How to Create Personalized Learning Experiences

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Tips for creating personalized learning lessons and assessments
"Personalized learning is all about empowering students to work in the way that’s best for them. That means harnessing topics and areas of inherent or developing interest to keep kids engaged and motivated to invest."

When teachers and schools first begin to implement Personalized Learning, they quickly realize that designing individualized lessons and assessments requires different mindsets and approaches than the traditional method of “teaching the room.” Here’s a quick checklist or procedure that teachers can use to guide their thinking as they shift towards creating personalized learning experiences.

1. Determine Knowledge/Skill Targets
For any learning experience - personalized or otherwise -  to be purposeful, it must have a clear focus on the development of a given skill, the acquisition of certain knowledge or the refinement of a learner’s existing toolkit. Learners thrive in transparent situations and understand the path to success best when there are clear goals in place.

Your personalized learning experience could be built around any number of targets: a particular Common Core standard, one of the qualities in your district’s Vision of the Graduate, or simply a personal learning goal identified by the student. Regardless of what kind of learning experience you’re creating, starting with specific learning targets in mind clarifies the process for both teachers and learners.

2. Find the Ideal Access Point
Personalized learning is all about empowering students to work in the way that’s best for them. That means harnessing topics and areas of inherent or developing interest to keep kids engaged and motivated to invest. Providing each learner with an access point that’s tailored for them is like providing each student with a roadmap to school that starts at their own address.

Determining access points can be one of the trickiest parts of the process for teachers and students who are new to personalized learning. However, surveys, interest inventories and digital tools like Learner Profiles provide great avenues for teachers and students alike to gain insight into what motivates and interests each learner.

3. Account for Strengths & Weaknesses
Successfully transitioning students toward learning in a personalized manner requires a strong understanding of individual strengths and weaknesses on the part of both the teacher and the learner. Although those conversations might often have seemed awkward in the context of the traditional classroom, building a full metacognitive understanding of each learner is crucial to the success of personalized learning.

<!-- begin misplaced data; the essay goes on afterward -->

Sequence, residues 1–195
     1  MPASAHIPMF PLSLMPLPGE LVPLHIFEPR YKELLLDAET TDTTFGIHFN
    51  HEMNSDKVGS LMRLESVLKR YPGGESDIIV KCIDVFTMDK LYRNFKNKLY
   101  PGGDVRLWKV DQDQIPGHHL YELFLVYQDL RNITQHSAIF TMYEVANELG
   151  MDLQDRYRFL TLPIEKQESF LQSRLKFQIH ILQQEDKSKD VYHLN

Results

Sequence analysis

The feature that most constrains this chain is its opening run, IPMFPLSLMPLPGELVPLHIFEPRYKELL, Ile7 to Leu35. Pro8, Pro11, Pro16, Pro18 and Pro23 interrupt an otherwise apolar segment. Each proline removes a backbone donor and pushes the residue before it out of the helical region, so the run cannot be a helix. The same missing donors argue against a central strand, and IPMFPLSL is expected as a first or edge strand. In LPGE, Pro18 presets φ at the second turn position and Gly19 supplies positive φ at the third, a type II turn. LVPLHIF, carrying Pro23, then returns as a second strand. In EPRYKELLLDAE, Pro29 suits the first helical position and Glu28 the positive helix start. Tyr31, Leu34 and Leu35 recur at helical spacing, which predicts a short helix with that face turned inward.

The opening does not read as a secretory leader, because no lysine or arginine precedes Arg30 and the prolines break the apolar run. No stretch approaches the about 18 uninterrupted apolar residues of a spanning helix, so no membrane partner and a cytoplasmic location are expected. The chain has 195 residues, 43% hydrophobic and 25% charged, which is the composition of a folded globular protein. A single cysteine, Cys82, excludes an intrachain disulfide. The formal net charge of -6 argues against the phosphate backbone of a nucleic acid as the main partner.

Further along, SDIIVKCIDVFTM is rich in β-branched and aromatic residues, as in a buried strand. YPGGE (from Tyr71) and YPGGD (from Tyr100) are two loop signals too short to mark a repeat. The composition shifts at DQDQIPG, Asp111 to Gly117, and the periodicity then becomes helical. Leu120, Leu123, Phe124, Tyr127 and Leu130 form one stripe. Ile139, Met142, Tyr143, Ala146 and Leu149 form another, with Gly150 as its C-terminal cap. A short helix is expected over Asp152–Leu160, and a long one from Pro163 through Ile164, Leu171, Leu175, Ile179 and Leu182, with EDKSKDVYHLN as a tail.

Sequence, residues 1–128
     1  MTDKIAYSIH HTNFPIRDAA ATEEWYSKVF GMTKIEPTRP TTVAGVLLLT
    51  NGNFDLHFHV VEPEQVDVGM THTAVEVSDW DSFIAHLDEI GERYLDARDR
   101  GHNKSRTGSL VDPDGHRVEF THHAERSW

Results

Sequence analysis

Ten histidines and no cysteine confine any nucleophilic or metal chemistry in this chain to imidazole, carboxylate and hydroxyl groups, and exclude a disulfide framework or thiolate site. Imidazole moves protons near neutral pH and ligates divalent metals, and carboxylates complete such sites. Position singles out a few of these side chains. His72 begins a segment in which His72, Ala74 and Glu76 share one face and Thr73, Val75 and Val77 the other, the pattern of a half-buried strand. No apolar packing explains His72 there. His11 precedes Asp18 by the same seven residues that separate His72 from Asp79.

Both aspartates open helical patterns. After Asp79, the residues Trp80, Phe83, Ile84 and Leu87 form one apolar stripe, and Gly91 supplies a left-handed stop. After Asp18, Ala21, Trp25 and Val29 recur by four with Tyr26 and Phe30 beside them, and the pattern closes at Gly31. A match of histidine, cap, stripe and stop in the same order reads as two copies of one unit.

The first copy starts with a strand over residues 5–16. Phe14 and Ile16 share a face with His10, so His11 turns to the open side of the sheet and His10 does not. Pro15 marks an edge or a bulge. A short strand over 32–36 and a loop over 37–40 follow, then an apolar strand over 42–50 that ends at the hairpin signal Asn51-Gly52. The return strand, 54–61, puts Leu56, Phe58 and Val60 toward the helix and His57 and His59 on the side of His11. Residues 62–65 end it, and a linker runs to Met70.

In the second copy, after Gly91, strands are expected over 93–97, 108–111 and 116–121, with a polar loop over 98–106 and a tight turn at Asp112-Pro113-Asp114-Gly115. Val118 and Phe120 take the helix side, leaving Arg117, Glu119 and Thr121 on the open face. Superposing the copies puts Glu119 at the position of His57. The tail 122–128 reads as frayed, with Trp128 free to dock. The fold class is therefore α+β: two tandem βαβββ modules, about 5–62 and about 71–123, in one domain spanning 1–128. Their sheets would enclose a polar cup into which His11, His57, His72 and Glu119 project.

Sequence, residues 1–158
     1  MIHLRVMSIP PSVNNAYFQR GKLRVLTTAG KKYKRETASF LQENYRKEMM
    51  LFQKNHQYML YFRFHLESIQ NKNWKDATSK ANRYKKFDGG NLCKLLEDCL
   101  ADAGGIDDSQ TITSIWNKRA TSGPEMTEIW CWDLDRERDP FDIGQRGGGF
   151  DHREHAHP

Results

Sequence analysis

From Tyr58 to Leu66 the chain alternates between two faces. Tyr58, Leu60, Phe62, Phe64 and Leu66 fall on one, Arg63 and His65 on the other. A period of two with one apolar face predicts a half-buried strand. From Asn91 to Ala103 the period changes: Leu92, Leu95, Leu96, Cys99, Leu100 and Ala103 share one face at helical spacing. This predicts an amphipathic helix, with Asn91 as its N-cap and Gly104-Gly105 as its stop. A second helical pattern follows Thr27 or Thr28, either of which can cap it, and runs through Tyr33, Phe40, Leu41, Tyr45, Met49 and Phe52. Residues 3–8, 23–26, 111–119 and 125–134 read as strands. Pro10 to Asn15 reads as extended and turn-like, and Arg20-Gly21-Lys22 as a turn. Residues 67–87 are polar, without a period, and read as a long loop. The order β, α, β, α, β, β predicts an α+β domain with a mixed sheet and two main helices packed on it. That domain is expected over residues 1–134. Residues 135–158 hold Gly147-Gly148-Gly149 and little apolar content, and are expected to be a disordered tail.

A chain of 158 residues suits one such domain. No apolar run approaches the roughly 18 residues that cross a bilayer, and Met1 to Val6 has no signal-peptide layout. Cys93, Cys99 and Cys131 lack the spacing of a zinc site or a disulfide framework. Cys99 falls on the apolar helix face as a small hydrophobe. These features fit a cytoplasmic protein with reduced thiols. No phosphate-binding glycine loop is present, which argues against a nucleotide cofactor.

Through building self-knowledge about strengths, learners become more empowered in the classroom as well as daily life, and teachers gain insight on subtle ways they can steer the learning process to maximize results. On the other hand, understanding weaknesses helps both stakeholders understand what strategies or approaches will be most effectively for the learner and which challenges should be anticipated and proactively planned for. Again, tools like Learner Profiles can be extremely helpful in gathering and housing these insights.

4. Prioritize Learning Over Teaching
One of the biggest pitfalls of PL rollout is mistaking personalized teaching for personalized learning. The whole point of the personalized approach is to build authentic feelings of accomplishment and allow students to figure out how to make the world work for them. Over-teaching can actually impede that process!

It’s understandably difficult at first, but once a teacher has agreed with a student about the general goals, shape and access point of a learning experience, one of the best things to do is step away and let learning happen. While teacher support is clearly always a key piece of the educational puzzle, the more independence you can provide students, the more likely they are to engage and make the learning process their own.

5. Assess in a Personalized Manner
If students are learning in an individualized manner, they must be assessed in an individualized manner as well. That means thinking past the “one size fits all” rubric and assessing the results of personalized learning experiences in a way that focuses on the original goal, gives voice to the student journey and accounts for process and not just product.

While they were often sticky wickets in the traditional classroom, student reflection and self-assessment can become huge pieces of the puzzle in a personalized learning environment. These practices help fully develop metacognitive skills and keep students focused on thinking about their own mind, their own abilities and ways they might continue to improve. As teachers become more experienced in the PL realm, they often find that, over time, student insights actually become more critical and more focused on meaningful improvement than even their own.